I have a confession to make…being in sales is hard! In my field, the packaging industry, there are so many competitors that salespeople must find ways to differentiate themselves. You have to be able to offer something that no one else is willing to offer.
Many of my customers practice Lean principles and routinely hold Kaizen or Rapid Improvement Events. At first, I didn’t get it. Even though I understood what they were trying to do, the lingo was weird. It was when I saw them reduce their cycle time by 40% that I really started to pay attention.
It was when I saw them reduce their cycle time by 40% that I really started to pay attention.
Seeing the Same Waste
Last Spring I completed my GoLeanSixSigma.com Green Belt Training and immediately started looking for ways to apply what I learned to my job. My role in packaging sales gave me a great avenue to affect change from the outside in. As a result, I now speak the same language as my customers and can see through their eyes.
The biggest way that I’ve applied Lean is by eliminating Waste. I mainly see the following wastes:
- Extra Processing
Once identified and, most importantly, the customer agrees they are wastes, then the work to change the process begins.
$30,000 and 6 Minutes Saved
Here’s how this played out last year. Shortly after getting my GoLeanSixSigma.com Green Belt Certification, I went to visit my prospect (we’ll call her “Sally”) to discuss how we could help her and her company. We made small talk and touched on some of the challenges she faced. I asked Sally if we could look at how they made and packaged her product. She generously agreed to show me around.
Immediately, the wastes stood out to me! The bottleneck was obvious and Sally said she wished they could make and package their units faster to keep up with demand. I got my supplies out, sketched their production line, clocked some cycle times, and asked clarifying questions. This was going to be huge! As we parted that day, I made an appointment to come back a few days later to present a solution.
With the new way we packed each case 6 minutes faster… yes, 6 whole minutes!
I brought enough samples on the return visit to pack out a case – 12 units. We clocked the time to pack the case the old way and then clocked the cycle time using the new method. With the new way we packed each case 6 minutes faster… yes, 6 whole minutes! Given how many cases they go through, a conservative estimate would be $30,000 per year in labor savings with no change in packaging costs. This was a conservative estimate, because we didn’t know what would happen when we actually rolled out the changes. Sally agreed to go forward with the new design and we delivered the first order.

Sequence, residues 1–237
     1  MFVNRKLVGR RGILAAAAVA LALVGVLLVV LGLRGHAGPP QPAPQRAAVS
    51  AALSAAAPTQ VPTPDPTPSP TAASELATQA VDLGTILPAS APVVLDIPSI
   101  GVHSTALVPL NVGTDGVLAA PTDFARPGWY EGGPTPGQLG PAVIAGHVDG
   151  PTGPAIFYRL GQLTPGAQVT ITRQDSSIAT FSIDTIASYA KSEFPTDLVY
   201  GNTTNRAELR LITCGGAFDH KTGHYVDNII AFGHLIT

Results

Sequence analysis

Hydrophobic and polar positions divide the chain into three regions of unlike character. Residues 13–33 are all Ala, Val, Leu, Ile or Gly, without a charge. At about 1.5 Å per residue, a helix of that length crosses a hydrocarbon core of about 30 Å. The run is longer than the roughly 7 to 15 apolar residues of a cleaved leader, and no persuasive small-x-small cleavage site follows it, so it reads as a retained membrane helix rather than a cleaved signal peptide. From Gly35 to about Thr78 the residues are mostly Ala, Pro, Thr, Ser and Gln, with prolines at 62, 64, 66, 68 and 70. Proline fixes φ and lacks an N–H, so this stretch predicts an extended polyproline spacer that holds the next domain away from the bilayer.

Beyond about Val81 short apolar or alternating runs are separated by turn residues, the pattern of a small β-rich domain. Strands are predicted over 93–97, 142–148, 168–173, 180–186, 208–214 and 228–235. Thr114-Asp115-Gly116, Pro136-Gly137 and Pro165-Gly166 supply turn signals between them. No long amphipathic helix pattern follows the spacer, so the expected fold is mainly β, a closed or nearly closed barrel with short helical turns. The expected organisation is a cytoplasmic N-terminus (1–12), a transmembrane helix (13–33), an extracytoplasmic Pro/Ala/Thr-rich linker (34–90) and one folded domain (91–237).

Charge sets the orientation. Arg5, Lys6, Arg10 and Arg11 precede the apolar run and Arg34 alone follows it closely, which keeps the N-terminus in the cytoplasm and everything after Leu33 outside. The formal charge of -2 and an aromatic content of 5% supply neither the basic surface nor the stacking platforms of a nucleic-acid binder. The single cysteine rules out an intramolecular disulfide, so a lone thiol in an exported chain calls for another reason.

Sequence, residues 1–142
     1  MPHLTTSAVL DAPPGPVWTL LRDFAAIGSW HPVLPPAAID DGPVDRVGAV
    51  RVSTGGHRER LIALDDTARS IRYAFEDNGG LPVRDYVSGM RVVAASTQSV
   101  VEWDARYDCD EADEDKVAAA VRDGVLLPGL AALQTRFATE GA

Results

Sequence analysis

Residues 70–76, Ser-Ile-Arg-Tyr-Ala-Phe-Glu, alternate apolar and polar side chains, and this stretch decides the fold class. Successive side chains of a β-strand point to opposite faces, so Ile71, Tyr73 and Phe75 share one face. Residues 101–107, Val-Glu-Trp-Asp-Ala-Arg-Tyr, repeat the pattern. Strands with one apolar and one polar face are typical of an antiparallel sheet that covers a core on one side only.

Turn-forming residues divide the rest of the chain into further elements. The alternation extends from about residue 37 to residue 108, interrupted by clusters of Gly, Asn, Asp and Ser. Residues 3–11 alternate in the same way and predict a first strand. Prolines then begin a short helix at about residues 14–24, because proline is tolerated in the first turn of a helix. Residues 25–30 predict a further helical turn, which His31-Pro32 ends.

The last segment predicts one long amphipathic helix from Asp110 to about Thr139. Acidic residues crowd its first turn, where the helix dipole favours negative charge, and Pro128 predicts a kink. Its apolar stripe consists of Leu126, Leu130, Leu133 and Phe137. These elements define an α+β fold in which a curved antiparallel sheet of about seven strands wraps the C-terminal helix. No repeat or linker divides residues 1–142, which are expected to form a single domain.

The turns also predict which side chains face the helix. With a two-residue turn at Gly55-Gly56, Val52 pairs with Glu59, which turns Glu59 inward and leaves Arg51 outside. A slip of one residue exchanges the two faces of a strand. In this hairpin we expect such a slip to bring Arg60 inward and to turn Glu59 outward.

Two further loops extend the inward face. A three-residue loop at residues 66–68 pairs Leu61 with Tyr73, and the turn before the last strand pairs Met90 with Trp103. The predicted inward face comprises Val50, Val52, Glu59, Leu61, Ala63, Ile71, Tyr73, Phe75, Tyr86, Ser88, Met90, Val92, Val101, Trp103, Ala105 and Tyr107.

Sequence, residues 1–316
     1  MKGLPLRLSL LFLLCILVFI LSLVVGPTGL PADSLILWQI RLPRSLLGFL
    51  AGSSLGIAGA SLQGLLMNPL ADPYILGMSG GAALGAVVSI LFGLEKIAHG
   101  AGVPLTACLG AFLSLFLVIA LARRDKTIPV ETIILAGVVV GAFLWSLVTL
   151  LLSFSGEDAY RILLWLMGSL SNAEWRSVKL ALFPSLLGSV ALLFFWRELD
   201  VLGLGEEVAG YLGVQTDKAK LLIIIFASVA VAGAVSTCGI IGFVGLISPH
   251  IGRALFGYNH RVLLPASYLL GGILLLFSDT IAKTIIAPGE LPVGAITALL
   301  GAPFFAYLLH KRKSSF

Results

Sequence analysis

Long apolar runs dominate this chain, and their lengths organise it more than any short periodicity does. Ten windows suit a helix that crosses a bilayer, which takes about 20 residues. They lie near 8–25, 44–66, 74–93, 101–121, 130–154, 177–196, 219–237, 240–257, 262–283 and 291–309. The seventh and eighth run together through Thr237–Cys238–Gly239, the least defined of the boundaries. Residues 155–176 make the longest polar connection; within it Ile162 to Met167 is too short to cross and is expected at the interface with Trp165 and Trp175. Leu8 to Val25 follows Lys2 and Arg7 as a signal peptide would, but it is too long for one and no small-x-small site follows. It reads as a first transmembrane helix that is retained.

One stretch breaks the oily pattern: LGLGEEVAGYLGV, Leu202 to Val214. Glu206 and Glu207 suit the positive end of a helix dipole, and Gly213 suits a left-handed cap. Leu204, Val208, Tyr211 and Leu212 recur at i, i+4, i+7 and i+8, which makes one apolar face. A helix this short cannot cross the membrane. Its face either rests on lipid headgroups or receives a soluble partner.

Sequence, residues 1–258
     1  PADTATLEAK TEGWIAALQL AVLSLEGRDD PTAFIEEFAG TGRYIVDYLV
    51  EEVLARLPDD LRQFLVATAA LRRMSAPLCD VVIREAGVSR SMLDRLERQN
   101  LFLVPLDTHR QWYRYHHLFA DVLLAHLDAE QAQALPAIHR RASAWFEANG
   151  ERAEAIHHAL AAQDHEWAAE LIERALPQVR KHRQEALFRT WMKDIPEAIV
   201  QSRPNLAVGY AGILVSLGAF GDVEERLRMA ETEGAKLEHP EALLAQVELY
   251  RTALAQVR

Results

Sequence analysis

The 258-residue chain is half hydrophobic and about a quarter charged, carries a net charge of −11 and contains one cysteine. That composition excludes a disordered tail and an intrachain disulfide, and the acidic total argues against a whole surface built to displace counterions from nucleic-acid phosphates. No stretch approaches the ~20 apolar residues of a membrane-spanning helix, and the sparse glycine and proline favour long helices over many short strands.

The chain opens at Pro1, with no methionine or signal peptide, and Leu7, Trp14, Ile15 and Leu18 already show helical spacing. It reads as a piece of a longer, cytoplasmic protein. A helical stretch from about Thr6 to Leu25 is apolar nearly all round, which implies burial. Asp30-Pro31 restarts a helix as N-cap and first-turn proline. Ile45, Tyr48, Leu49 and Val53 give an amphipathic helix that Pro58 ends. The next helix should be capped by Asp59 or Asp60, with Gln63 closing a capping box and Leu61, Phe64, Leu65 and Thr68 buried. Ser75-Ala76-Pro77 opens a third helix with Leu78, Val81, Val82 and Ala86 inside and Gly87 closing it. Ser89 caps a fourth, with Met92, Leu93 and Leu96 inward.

A few days after delivery, I checked on Sally to see how things were going. Their CFO, Mike, approached Sally as we were talking and he appeared to be a little flabbergasted. He said to Sally, “I think you need to go back and check your numbers on the last production run. Your time is way off… like 40% lower than any other run we’ve ever done.” Sally said, “I know. You can thank Ryan. Oh…and Mike, we only used about half of the new boxes on this order. The next run will be even better!” There are few sensations that match what it feels like for a sales person to hear this.
Your time is way off… like 40% lower than any other run we’ve ever done.
How Did We Save So Much?
So, what did we do?
1. Change the Box Style
First, we changed the style of the box from a “reverse tuck” to an “autobottom.” This allowed for faster box setup by not having to fold flaps before filling with the product. This style of box works really well when you are dealing with a product that has decent volume or demands shorter Takt times (the time required to meet customer demand).
2. Create Clear Visuals
Second, we pre-printed barcodes and product information to clearly identify the product and eliminate the need for someone (2 people, actually) to stick labels on the box. This actually reduced the waste of Non-Utilized Talent since now these two people could go do something else that was of value to the customer.
3. Match Quantities
Third, we planned our production run with the buyer and forecasted demand to make sure she had the proper number of boxes coming in to match the scheduled orders. This seems like a simple idea, but you would not believe how many people neglect to do it. It took a little time, but the savings that it afforded were well worth the time it took to compile the information.
This seems like a simple idea, but you would not believe how many people neglect to do it.
Start & Keep Winning
The application of Lean Six Sigma in packaging turned out to be extremely easy and was a great place to start a process improvement journey!